Governor Reynolds signed the final extension of the state’s Public Health Disaster Emergency Proclamation today, announcing it will expire at 11:59 p.m. on Tuesday, February 15, 2022. The signed proclamation can be found here.
The proclamation was first issued in accordance with the Governor’s executive authority on March 17, 2020, to enable certain public health mitigation measures during the state’s response to the COVID-19 pandemic. Over time, it included hundreds of provisions assembled in the midst of an emergency to quickly address a pandemic the nation knew little about. Today, the remaining 16 provisions focus primarily on lingering workforce issues exacerbated by the pandemic that are best addressed outside of emergency executive powers.
The State of Iowa is working with stakeholders in an effort to address pervasive workforce issues through more permanent solutions like legislation, rule changes, and grant programs.
“We cannot continue to suspend duly enacted laws and treat COVID-19 as a public health emergency indefinitely. After two years, it’s no longer feasible or necessary. The flu and other infectious illnesses are part of our everyday lives, and coronavirus can be managed similarly,” stated Gov. Reynolds. “State agencies will now manage COVID-19 as part of normal daily business, and reallocate resources that have been solely dedicated to the response effort to serve other important needs for Iowans.”
The expiration of Iowa’s Public Health Disaster Emergency Proclamation will result in operational changes related to the COVID-19 response. The most noticeable change will be how data is reported publicly. The state’s two COVID-19 websites, coronavirus.iowa.gov and vaccinateiowa.gov, will be decommissioned on February 16, 2022, but information will remain accessible online through other state and federal resources.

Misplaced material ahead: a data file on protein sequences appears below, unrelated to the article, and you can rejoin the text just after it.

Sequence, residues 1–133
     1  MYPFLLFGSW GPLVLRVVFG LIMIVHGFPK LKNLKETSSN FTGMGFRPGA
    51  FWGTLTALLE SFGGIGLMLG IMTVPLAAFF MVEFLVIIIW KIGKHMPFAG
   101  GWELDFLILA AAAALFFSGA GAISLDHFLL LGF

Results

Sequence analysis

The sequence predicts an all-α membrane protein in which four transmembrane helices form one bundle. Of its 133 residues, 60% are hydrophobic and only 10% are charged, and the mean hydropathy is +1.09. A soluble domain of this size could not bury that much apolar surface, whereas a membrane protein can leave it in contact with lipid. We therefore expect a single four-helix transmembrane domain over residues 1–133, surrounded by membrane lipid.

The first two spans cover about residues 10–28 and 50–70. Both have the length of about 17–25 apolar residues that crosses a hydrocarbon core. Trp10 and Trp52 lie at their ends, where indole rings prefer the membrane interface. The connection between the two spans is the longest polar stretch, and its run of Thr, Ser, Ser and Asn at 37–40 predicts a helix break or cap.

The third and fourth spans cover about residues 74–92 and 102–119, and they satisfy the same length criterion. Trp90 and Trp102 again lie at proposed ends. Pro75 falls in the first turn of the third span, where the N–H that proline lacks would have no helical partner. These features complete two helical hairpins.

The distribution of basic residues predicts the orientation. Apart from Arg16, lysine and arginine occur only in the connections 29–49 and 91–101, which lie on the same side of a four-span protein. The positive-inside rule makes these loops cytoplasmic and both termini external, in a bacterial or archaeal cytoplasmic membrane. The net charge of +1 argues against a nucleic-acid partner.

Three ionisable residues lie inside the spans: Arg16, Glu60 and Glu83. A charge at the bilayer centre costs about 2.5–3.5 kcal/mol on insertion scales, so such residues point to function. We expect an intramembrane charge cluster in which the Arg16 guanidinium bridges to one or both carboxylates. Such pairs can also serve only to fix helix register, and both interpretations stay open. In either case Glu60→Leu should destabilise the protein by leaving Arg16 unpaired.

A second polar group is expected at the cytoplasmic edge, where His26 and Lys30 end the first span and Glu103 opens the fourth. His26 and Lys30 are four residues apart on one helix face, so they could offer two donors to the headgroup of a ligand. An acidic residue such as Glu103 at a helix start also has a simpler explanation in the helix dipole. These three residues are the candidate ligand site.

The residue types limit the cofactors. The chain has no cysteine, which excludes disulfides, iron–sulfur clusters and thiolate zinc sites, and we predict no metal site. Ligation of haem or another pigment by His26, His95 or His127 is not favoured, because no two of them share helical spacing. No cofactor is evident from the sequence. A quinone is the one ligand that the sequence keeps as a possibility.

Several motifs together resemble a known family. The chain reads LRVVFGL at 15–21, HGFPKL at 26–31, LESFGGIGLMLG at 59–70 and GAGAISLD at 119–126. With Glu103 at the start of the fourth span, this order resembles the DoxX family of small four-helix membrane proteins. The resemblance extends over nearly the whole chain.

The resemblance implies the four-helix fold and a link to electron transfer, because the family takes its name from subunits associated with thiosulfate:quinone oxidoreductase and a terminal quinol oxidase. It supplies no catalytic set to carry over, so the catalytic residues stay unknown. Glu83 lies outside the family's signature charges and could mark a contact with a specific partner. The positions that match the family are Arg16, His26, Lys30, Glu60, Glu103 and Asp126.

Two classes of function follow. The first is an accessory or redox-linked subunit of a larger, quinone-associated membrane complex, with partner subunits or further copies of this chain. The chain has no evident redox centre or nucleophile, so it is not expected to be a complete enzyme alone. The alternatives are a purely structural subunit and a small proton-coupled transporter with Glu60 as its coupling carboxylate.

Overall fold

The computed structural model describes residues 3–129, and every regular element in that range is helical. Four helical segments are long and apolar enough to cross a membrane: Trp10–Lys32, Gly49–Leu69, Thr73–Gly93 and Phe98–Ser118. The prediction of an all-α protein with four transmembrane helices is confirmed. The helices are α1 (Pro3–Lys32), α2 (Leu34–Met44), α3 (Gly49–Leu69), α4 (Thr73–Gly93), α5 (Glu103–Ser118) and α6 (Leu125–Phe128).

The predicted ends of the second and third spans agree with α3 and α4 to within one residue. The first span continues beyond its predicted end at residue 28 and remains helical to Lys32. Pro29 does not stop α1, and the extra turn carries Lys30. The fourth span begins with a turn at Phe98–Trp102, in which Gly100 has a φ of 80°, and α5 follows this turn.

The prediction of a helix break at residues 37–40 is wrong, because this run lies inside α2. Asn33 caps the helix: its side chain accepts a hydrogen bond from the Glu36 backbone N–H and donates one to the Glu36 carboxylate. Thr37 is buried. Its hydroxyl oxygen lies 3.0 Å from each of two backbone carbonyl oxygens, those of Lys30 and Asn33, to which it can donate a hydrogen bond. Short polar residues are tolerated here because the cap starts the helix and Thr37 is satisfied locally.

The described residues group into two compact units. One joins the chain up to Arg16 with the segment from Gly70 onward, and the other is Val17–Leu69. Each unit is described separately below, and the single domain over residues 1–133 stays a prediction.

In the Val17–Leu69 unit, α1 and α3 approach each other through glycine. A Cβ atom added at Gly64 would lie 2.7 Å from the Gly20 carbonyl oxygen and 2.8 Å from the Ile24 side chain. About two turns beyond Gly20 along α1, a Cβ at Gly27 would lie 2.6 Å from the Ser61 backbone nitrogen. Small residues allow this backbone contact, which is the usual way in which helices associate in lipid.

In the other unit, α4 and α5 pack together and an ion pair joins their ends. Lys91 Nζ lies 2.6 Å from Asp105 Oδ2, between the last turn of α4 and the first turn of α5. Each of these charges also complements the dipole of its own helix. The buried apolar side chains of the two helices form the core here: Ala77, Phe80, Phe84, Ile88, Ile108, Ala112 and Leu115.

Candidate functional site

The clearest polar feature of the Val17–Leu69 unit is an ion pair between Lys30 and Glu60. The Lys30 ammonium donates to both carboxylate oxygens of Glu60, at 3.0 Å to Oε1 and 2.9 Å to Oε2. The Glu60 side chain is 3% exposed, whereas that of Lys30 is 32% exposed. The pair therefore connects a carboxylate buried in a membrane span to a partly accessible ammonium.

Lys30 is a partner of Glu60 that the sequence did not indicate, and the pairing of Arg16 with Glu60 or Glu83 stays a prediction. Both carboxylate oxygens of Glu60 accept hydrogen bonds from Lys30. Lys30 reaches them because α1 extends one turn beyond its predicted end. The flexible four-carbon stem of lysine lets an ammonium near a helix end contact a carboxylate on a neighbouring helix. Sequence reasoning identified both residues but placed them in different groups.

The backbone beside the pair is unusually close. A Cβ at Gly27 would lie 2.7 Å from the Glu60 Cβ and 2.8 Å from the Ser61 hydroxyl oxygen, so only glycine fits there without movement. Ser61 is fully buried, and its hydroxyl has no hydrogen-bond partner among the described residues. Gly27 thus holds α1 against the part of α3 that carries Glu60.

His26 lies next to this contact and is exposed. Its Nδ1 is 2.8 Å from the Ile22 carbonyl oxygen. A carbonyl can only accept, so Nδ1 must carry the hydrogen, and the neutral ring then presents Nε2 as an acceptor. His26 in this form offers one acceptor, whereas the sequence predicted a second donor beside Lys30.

“While our COVID-19 reporting will look different, Iowans should rest assured that the state health department will continue to review and analyze COVID-19 and other public health data daily, just as we always have,” stated Kelly Garcia, director of the Iowa Department of Public Health (IDPH). “The new format will include data points that Iowans are used to seeing, but moves us closer to existing reporting standards for other respiratory viruses. This new phase also assures that our teams, who have been deeply committed to the COVID-19 response, can return to their pre-pandemic responsibilities, and refocus on areas where the pandemic has taken a hard toll.”
IDPH will report relevant COVID-19 information weekly on its website, similar to how flu activity is reported. Data will include positive tests since March 2020 and in the last seven days, cases by county, an epidemiologic curve, variants by week and deaths since March 2020. Vaccine information, including total series and boosters completed, demographics for fully vaccinated Iowans, and vaccination by county, will also be reported. Aligning the agency’s reporting processes will create greater efficiency for its staff while continuing to provide important information to Iowans. The new report will be available starting February 16 at idph.iowa.gov.
The State of Iowa and its health care providers will also continue to report COVID-19 data as required by the Centers for Disease Control and Prevention (CDC). The CDC’s COVID Data Tracker reports state-level data for cases, deaths, testing, vaccination and more. The site is available at coronavirus.gov or covid.cdc.gov/covid-data-tracker.
The State Hygienic Lab will continue to operate the Test Iowa at Home program. As testing supply increases and more options for self-testing become available, the state will reassess the need for the program. For more information or to request an at-home test, visit testiowa.com.
States are not required to have a disaster proclamation in place to be eligible for federal coronavirus-related funding or resources. Iowa will continue to receive vaccine and therapeutic allocations as normal after the proclamation expires.
Nearly half of U.S. states have already discontinued their public health proclamations, and several more are set to expire in February if they aren’t renewed.
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